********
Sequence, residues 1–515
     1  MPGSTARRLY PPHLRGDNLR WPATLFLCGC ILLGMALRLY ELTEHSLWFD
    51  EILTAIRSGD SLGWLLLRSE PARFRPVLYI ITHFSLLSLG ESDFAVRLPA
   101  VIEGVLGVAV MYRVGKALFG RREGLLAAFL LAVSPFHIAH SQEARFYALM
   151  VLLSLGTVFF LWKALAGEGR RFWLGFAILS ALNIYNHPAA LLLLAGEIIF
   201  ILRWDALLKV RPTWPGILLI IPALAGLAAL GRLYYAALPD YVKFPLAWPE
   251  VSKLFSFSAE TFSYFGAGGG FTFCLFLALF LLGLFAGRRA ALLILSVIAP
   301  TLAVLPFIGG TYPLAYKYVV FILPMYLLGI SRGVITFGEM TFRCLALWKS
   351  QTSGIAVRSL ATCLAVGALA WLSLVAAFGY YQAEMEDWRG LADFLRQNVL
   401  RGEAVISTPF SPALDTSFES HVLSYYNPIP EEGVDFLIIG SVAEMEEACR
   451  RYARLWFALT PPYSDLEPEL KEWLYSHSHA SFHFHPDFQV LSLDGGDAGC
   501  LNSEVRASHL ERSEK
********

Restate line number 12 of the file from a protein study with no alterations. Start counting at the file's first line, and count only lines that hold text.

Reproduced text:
   501  LNSEVRASHL ERSEK